Methods that get used

I have a conjecture regarding statistical methods:

The probability of a method being used drops by at least a factor of 2 for every parameter that has to be determined by trial-and-error.

A method could have a dozen inputs, and if they’re all intuitively meaningful, it might be adopted. But if there is even one parameter that requires trial-and-error fiddling to set, the probability of use drops sharply. As the number of non-intuitive parameters increases, the probability of anyone other than the method’s author using the method rapidly drops to zero.

John Tukey said that the practical power of a statistical test is its statistical power times the probability that someone will use it. Therefore practical power decreases exponentially with the number of non-intuitive parameters.

Related post: Software that gets used

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7 comments on “Methods that get used
  1. This is a good point. Additive models come to mind as an example. A potential counter-example is a histogram (and similar non-parametric density estimators). It takes a bit of trial and error to set the bin width, but researchers use histograms all the time.

  2. I would say that bin count or kernel bandwidth in density estimators is a fairly intuitive parameter, which is why it doesn’t impede adoption.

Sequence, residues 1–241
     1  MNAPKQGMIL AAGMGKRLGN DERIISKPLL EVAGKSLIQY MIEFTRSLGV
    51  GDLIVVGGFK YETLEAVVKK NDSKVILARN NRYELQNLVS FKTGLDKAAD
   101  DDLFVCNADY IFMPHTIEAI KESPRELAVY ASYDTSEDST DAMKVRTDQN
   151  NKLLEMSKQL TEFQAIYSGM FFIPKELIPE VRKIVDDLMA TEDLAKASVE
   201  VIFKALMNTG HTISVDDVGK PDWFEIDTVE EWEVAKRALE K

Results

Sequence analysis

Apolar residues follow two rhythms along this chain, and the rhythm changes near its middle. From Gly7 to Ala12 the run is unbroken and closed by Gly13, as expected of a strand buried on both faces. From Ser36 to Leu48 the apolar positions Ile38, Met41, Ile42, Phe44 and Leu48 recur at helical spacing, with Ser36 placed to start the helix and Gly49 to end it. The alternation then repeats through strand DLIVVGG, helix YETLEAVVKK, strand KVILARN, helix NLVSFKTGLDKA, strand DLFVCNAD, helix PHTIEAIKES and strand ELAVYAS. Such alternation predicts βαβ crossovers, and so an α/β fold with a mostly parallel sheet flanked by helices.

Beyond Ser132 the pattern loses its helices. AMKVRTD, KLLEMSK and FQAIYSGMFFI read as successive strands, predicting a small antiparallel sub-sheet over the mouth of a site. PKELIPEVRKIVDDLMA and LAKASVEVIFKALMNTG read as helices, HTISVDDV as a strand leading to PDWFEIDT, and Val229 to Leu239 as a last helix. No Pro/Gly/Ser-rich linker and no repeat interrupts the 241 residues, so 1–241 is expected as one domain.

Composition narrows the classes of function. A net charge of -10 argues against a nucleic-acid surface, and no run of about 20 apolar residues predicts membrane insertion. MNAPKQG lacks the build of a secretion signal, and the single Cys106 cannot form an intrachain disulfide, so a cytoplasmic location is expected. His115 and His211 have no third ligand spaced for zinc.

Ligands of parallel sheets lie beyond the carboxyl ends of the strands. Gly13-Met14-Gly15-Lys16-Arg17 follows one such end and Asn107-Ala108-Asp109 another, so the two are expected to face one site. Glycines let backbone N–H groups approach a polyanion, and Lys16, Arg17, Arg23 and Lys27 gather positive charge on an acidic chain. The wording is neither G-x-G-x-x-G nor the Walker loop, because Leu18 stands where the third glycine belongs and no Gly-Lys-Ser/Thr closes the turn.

3. DavidC says:

    Maybe worth noting that sometimes a parameter can become not-a-parameter. If the method is “choose the L2 penalty term by cross validation”, then that term is no longer an input parameter.

  4. TomF says:

    A corollary is that whatever method you learned in school is likely to seem more intuitive than something you learn later — even if both have the same number of parameters.

  5. Adam Rosien says:

    The same goes for programming languages and functions. A function has three boolean parameters, which is which?

    Strong typing helps, especially when you enforce a rule, somehow, that functions should have more than one argument of each type. Then functions are resistant to parameter reordering.

  6. I think DavidC is right. A method that has a non-intuitive parameter demands another method for selecting that parameter.

    This conjecture also makes me think about Bret Victor’s Ladder of Abstraction ( which gives lots of ways to experience these parameters.

  7. Edvin says:

    On the other hand, parameters to be determined are parameters that can be tweaked to fit your model predictions to your expectations. This sometimes helps their popularity.

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